Leaping from pursuing dental school to selling clothes in 2016 was frightening. And the idea of telling his parents the truth haunted him. Still, he had to rip off the Band-Aid. 

At first, his parents Renee and Jeff Rittenour didn’t understand their son’s decision. 

“I was sick to my stomach,” Jeff Rittenour, 60, said.

It took time to embrace Dave’s Freshly Used, but now his parents actively help him find new items. Renee Rittenour said she likes to stand and watch her son thrift. 

He’s usually on his hands and knees digging through boxes and piles of clothes like a hunting dog fixed on a scent. When he sees something he likes, he usually shouts his excitement to no one in particular. 

“Like a kid in a candy shop,” Renee Rittenour, 55, said.  

However, Rittenour didn’t rely on his parents to launch his business. He knew how to sell and where to buy. But years removed from his decision, he’s still anxious. He never knows if or when the business will fall apart. And he doesn’t know if or when fads will pass him by.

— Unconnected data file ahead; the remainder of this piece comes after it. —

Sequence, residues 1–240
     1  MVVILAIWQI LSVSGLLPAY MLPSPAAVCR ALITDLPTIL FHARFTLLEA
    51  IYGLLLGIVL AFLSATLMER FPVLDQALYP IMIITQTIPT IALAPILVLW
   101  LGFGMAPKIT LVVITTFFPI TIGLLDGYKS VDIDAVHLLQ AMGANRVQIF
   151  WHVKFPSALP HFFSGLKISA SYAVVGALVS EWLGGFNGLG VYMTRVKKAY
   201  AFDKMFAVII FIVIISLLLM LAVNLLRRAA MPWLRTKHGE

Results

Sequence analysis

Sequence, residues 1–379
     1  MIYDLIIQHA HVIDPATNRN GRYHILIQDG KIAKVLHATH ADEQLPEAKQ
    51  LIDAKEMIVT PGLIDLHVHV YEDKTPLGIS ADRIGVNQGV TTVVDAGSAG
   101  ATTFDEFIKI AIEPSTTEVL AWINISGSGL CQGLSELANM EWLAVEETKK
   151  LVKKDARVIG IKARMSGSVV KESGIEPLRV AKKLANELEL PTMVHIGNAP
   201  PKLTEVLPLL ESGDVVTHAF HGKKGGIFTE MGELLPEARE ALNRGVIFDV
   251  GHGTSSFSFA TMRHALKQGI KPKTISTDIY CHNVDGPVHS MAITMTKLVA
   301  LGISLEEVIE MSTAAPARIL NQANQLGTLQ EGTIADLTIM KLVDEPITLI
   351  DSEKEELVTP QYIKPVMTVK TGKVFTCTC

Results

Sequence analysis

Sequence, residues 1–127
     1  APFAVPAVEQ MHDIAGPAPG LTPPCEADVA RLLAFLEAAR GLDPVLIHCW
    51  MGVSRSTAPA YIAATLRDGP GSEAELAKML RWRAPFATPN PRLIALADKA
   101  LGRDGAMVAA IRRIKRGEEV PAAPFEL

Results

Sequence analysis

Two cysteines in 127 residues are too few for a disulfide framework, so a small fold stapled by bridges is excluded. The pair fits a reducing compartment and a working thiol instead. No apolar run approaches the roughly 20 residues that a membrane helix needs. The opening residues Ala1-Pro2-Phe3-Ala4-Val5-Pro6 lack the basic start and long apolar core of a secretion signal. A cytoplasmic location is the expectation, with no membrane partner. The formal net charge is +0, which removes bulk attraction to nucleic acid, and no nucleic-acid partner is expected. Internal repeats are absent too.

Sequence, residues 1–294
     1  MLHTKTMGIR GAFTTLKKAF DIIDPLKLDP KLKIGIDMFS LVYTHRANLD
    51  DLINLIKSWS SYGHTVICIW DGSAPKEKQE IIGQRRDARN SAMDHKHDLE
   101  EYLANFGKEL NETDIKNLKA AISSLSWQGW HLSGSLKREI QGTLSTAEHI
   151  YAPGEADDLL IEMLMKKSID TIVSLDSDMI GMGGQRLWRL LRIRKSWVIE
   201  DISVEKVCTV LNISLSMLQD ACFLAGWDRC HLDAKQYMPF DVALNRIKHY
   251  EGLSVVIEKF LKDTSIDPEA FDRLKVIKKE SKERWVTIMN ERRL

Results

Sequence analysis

It’s why he doesn’t stop hunting. He regularly finds himself falling in and out of rabbit holes online. Researching logos are quests he loves completing. 

One quest took him seven years to complete. 

When UF hired Charley Pell to coach the Gators’ football team in 1979, the university designed new logos.

The logo chosen was used until 1994. 

The other design was reminiscent of the modern Seattle Seahawks helmet. It was a blue alligator on each side with white, toothy jaws open. It was allegedly dropped because of claims it looked too phallic.

The design struck out to Rittenour because he never knew it existed. He spoke with equipment managers and even self-proclaimed Gator historians to find its origin. Seven years later, he was directed to an internet thread, where he found the elusive logo. 

If he’s not researching, he’s digging through websites. He likes buying crew-neck sweatshirts. He’ll never turn down a hat. 

UF club hockey jerseys are his white whale. He usually finds one online once a year if he’s lucky. 

“I can count on my fingers the number of hockey jerseys I’ve found,” Rittenour said. 

He never misses the Gators’ games. Watching Florida win brings him happiness like nothing else. The bragging rights help, too.